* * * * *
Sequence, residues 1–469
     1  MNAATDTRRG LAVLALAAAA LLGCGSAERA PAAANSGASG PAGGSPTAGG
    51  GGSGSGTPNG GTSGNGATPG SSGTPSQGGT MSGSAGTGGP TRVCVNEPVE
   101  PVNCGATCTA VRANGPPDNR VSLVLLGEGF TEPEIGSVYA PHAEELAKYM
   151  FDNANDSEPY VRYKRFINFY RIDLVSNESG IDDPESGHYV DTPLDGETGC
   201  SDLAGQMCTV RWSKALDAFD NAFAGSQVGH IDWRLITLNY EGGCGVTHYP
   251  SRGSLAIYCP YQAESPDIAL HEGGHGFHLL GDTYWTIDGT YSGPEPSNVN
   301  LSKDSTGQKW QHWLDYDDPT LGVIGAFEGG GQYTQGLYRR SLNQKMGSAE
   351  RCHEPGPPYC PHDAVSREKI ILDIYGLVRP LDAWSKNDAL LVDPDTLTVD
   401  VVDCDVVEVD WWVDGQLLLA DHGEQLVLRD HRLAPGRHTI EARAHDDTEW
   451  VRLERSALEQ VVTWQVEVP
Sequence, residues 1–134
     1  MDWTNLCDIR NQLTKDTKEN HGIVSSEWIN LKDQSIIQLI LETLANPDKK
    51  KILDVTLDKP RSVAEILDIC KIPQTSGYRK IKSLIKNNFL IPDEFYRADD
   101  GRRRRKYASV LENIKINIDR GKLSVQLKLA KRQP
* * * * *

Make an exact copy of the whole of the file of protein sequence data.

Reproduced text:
Sequence, residues 1–469
     1  MNAATDTRRG LAVLALAAAA LLGCGSAERA PAAANSGASG PAGGSPTAGG
    51  GGSGSGTPNG GTSGNGATPG SSGTPSQGGT MSGSAGTGGP TRVCVNEPVE
   101  PVNCGATCTA VRANGPPDNR VSLVLLGEGF TEPEIGSVYA PHAEELAKYM
   151  FDNANDSEPY VRYKRFINFY RIDLVSNESG IDDPESGHYV DTPLDGETGC
   201  SDLAGQMCTV RWSKALDAFD NAFAGSQVGH IDWRLITLNY EGGCGVTHYP
   251  SRGSLAIYCP YQAESPDIAL HEGGHGFHLL GDTYWTIDGT YSGPEPSNVN
   301  LSKDSTGQKW QHWLDYDDPT LGVIGAFEGG GQYTQGLYRR SLNQKMGSAE
   351  RCHEPGPPYC PHDAVSREKI ILDIYGLVRP LDAWSKNDAL LVDPDTLTVD
   401  VVDCDVVEVD WWVDGQLLLA DHGEQLVLRD HRLAPGRHTI EARAHDDTEW
   451  VRLERSALEQ VVTWQVEVP
Sequence, residues 1–134
     1  MDWTNLCDIR NQLTKDTKEN HGIVSSEWIN LKDQSIIQLI LETLANPDKK
    51  KILDVTLDKP RSVAEILDIC KIPQTSGYRK IKSLIKNNFL IPDEFYRADD
   101  GRRRRKYASV LENIKINIDR GKLSVQLKLA KRQP